Wintercreeper Euonymus 'Coloratus'

Euonymus fortunei

Family: Celastraceae
Genus: Euonymus (yoo-ON-ih-mus) (Info)
Species: fortunei (for-TOO-nee-eye) (Info)
Cultivar: Coloratus
Synonym:Euonymus fortunei var. radicans
Synonym:Euonymus radicans
Synonym:Euonymus japonicus var. acutus
Synonym:Euonymus japonicus var. chinensis
Synonym:Euonymus japonicus var. radicans





Vines and Climbers

Foliage Color:


Bloom Characteristics:

Unknown - Tell us

Water Requirements:

Average Water Needs; Water regularly; do not overwater

Where to Grow:

Grow outdoors year-round


under 6 in. (15 cm)

15-20 ft. (4.7-6 m)


18-24 in. (45-60 cm)


USDA Zone 4a: to -34.4 C (-30 F)

USDA Zone 4b: to -31.6 C (-25 F)

USDA Zone 5a: to -28.8 C (-20 F)

USDA Zone 5b: to -26.1 C (-15 F)

USDA Zone 6a: to -23.3 C (-10 F)

USDA Zone 6b: to -20.5 C (-5 F)

USDA Zone 7a: to -17.7 C (0 F)

USDA Zone 7b: to -14.9 C (5 F)

USDA Zone 8a: to -12.2 C (10 F)

USDA Zone 8b: to -9.4 C (15 F)

USDA Zone 9a: to -6.6 C (20 F)

USDA Zone 9b: to -3.8 C (25 F)

Sun Exposure:

Full Sun

Sun to Partial Shade



Bloom Color:


Bloom Time:



Grown for foliage


Provides winter interest

Other details:

May be a noxious weed or invasive

Soil pH requirements:

4.5 or below (very acidic)

4.6 to 5.0 (highly acidic)

5.1 to 5.5 (strongly acidic)

5.6 to 6.0 (acidic)

6.1 to 6.5 (mildly acidic)

6.6 to 7.5 (neutral)

Patent Information:


Propagation Methods:

From softwood cuttings

From semi-hardwood cuttings

Seed Collecting:

N/A: plant does not set seed, flowers are sterile, or plants will not come true from seed


This plant has been said to grow in the following regions:

Heber Springs, Arkansas

Hinsdale, Illinois

Peoria, Illinois

Columbia City, Indiana

Fort Wayne, Indiana

Muncie, Indiana

Topeka, Kansas

Dawson Springs, Kentucky

Independence, Louisiana

Saginaw, Michigan

South Lyon, Michigan

Westville, New Jersey

Tulsa, Oklahoma

Florence, South Carolina

Brandon, South Dakota

Morrison, Tennessee

Dallas, Texas (2 reports)

Ennis, Texas

Waukesha, Wisconsin

show all

Gardeners' Notes:


On Jul 8, 2016, dixiedarlin13 from Green Acres, WA wrote:

This plant can either be a blessing or not depending on your situation. I research plants before I buy them, and intensively consider them sometimes for a year before I get them, especially when it comes to roses, vines, or trees. Why? Because they're all going to require care and they all have the potential to get out of hand or huge.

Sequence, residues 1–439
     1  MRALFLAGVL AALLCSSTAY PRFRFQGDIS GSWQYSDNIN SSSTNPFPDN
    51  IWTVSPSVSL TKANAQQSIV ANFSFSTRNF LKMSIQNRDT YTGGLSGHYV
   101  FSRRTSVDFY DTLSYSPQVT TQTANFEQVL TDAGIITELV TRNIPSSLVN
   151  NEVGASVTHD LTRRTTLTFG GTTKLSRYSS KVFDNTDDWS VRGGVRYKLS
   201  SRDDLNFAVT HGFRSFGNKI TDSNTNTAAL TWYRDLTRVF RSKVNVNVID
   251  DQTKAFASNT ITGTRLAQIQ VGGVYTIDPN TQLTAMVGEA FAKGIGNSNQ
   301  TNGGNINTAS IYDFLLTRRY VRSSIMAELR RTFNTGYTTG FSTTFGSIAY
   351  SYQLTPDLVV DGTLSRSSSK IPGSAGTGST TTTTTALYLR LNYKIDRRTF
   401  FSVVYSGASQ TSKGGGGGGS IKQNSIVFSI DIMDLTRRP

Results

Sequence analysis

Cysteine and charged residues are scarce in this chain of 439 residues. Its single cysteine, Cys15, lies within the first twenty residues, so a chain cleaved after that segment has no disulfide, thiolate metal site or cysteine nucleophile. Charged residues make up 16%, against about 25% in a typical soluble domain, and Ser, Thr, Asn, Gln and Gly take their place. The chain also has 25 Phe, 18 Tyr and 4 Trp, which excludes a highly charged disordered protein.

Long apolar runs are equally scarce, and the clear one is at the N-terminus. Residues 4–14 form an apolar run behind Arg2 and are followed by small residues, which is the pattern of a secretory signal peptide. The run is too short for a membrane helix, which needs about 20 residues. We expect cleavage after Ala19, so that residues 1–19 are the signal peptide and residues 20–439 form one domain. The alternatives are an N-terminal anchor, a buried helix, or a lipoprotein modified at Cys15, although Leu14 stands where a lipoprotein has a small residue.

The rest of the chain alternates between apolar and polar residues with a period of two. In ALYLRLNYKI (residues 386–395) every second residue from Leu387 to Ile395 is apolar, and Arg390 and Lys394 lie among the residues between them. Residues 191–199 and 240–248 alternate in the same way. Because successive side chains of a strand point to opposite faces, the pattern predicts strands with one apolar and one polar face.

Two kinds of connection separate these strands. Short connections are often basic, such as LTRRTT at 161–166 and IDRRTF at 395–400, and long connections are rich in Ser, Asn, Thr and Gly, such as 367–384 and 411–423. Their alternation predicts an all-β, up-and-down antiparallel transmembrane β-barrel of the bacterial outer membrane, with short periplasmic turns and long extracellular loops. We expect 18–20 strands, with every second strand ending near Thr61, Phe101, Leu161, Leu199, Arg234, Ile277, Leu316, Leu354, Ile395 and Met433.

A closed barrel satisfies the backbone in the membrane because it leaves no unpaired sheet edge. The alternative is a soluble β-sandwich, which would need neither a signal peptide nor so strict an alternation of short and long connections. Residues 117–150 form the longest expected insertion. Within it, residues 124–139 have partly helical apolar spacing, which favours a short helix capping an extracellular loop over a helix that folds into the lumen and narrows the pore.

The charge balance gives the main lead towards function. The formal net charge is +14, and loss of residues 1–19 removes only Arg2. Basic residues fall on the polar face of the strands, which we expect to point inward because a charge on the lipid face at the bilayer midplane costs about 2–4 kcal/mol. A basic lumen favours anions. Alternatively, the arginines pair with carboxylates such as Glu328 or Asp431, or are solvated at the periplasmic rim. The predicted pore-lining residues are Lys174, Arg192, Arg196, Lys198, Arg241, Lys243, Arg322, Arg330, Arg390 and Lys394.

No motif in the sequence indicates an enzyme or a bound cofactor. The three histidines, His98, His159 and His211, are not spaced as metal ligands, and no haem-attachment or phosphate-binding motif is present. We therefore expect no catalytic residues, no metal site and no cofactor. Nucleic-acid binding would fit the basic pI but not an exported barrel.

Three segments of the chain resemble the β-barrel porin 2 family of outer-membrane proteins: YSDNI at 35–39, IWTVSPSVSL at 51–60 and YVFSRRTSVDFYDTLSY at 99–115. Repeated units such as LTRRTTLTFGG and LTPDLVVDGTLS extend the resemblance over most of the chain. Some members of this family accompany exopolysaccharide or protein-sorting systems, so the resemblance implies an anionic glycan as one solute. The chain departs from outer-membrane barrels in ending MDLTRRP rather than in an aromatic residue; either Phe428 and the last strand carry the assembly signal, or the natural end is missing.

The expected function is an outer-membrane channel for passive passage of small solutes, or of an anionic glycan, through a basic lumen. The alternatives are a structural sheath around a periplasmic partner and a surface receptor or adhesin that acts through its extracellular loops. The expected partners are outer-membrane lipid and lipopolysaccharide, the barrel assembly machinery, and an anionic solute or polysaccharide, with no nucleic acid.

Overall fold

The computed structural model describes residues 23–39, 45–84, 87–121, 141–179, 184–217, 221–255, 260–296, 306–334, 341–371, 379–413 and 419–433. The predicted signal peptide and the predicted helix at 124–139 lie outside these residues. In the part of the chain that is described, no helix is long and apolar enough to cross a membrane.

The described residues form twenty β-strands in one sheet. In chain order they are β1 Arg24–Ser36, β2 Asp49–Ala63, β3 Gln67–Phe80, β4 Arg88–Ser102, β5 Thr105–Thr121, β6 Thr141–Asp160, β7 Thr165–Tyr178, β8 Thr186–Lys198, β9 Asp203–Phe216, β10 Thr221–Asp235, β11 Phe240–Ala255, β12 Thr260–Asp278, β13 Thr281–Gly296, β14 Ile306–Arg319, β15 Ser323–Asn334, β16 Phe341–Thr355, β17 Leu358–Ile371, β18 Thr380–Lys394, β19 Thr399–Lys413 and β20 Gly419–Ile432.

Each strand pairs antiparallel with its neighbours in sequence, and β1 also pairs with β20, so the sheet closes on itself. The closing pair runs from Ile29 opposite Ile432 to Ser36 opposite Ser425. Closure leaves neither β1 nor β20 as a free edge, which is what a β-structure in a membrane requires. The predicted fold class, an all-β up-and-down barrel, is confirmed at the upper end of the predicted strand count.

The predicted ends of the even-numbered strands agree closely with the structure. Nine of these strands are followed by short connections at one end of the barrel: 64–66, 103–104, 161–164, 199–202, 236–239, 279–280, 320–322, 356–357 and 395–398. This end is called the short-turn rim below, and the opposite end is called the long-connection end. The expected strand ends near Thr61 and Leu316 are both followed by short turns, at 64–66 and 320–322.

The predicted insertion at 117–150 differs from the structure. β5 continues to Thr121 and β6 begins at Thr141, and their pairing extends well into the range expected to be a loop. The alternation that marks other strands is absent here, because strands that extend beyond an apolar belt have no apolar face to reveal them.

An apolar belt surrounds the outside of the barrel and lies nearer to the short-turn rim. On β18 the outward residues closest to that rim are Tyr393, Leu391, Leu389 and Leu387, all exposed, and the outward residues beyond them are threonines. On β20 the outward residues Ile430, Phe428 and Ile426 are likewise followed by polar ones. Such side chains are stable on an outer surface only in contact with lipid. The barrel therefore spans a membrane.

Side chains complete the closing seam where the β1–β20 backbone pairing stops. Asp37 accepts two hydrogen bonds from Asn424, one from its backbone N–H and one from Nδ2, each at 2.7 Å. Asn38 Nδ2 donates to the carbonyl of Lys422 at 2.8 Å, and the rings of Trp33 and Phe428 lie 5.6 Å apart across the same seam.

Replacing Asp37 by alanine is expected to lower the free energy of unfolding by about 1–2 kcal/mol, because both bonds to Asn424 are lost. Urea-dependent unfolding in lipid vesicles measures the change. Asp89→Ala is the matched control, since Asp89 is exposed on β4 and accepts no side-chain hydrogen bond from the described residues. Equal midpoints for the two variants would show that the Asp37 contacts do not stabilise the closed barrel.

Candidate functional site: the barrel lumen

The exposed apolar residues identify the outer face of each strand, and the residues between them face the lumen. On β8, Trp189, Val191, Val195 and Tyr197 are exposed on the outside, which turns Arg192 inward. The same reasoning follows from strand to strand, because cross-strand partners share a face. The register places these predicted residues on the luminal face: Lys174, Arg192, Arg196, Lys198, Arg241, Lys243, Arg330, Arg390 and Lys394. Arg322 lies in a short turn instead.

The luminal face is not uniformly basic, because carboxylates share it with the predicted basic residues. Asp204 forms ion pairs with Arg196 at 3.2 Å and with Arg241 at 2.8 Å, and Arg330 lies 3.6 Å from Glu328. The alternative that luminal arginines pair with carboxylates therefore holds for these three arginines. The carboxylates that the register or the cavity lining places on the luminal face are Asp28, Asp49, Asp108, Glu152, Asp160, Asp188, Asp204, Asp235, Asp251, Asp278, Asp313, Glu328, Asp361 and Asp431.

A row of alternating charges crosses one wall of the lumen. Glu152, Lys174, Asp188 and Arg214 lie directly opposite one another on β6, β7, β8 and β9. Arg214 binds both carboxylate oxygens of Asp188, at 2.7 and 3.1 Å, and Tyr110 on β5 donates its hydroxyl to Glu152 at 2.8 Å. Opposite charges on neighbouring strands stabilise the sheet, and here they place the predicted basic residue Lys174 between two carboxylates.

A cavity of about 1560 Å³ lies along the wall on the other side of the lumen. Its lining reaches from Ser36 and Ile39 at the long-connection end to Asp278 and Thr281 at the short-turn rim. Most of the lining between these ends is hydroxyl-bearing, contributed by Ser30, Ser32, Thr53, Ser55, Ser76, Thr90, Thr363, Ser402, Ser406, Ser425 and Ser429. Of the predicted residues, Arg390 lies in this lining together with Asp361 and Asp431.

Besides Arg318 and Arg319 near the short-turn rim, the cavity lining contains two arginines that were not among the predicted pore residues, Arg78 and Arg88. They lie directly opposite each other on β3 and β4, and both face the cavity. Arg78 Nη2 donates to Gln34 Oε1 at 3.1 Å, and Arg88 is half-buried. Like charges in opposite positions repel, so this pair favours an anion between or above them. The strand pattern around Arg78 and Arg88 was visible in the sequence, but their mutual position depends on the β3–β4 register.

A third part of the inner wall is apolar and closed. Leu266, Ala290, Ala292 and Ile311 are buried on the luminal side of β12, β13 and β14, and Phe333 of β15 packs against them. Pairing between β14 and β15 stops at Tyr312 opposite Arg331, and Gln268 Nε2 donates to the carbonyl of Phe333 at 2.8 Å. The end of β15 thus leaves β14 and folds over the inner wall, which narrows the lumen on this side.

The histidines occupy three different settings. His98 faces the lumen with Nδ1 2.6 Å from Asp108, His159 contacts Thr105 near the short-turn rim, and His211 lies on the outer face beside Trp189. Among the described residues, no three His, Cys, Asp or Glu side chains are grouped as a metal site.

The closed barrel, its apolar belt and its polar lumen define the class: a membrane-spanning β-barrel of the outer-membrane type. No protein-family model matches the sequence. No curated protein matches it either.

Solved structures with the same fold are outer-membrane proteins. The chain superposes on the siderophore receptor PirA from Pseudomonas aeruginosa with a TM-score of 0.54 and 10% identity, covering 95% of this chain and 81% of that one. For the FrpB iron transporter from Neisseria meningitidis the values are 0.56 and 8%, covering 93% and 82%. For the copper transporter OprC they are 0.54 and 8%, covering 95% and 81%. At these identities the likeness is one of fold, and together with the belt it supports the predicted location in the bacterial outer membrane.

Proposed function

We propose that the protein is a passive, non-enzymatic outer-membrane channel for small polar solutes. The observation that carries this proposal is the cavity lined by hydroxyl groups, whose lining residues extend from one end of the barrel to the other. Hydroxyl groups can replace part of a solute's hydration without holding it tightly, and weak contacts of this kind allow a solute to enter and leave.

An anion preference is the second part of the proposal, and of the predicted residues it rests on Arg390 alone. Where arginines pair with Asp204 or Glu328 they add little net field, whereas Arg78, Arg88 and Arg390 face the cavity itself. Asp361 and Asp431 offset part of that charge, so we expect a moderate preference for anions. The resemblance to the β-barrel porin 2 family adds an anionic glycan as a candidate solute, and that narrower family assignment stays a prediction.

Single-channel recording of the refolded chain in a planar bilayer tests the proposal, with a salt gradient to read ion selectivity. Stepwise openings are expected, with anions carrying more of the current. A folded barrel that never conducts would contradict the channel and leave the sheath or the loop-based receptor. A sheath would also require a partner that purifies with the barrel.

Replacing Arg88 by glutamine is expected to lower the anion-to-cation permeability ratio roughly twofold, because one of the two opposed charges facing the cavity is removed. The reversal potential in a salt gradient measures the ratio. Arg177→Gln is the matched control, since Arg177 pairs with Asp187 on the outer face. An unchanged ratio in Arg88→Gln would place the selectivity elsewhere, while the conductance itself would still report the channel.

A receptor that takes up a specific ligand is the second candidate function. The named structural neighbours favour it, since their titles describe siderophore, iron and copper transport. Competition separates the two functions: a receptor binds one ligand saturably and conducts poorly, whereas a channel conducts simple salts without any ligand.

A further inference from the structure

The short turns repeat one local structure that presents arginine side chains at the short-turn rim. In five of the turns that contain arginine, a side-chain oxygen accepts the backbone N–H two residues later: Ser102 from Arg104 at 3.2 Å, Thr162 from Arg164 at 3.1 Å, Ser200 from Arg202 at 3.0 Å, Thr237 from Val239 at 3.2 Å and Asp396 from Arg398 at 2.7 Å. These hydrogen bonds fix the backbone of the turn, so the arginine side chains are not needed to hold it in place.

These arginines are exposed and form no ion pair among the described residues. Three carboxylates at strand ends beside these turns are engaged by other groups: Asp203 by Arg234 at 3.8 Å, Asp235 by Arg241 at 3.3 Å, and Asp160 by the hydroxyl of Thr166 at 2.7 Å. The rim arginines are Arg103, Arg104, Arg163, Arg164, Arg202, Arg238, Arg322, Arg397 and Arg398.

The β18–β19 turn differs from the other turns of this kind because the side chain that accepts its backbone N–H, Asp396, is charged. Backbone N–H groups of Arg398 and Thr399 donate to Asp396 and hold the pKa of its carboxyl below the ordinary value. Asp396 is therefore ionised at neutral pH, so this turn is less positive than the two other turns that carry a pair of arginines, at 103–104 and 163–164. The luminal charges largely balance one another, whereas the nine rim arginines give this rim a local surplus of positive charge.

I am a vine fan. I love vines. I'm shooting to have every vine out there on the property other than kiwi That's over my head. But this one, there's a landscaping show from Britain with Alan Titschmarch and in one of the episodes they show this gorgeous plant Purple Wintercreeper growing up the side of a plain 2 story house. He said it was a hideous blank brick wall and it took years for it get that tall. It was gorgeous, and it had another vine growin... read more


On May 25, 2014, tx_flower_child from Dallas, TX wrote:

DO NOT PLANT. This was probably the biggest mistake (of many) that I've made re gardening. I wanted to cover a bare area and didn't want to use ivy. Wish I'd been warned about the invasiveness of purple winter creeper and other problems it causes. When it is horizontal on the ground, I think it's normal state, it becomes a mass of 'trip wires'. When I have cut it, it does grow vertically (to my surprise) and so far has grown between 2 to 3 ft. high. If I don't keep cutting it back, I don't know its upper limit. Growing vertically it sorta looks like a nice bush, or lots of them, in my yard. But still has new growth at the bottom trying to take over every available space. When I do trim or hack it, if I don't pick up every little itty bitty piece of stem, then I'll have another plant that w... read more


On Mar 16, 2014, coriaceous from ROSLINDALE, MA wrote:

Foliage is deep green during the growing season and turns dark purple in winter. Like all cultivars of this species, it frequently sports to other forms. These forms need to be cut out when they appear, as they can outcompete the original cultivar.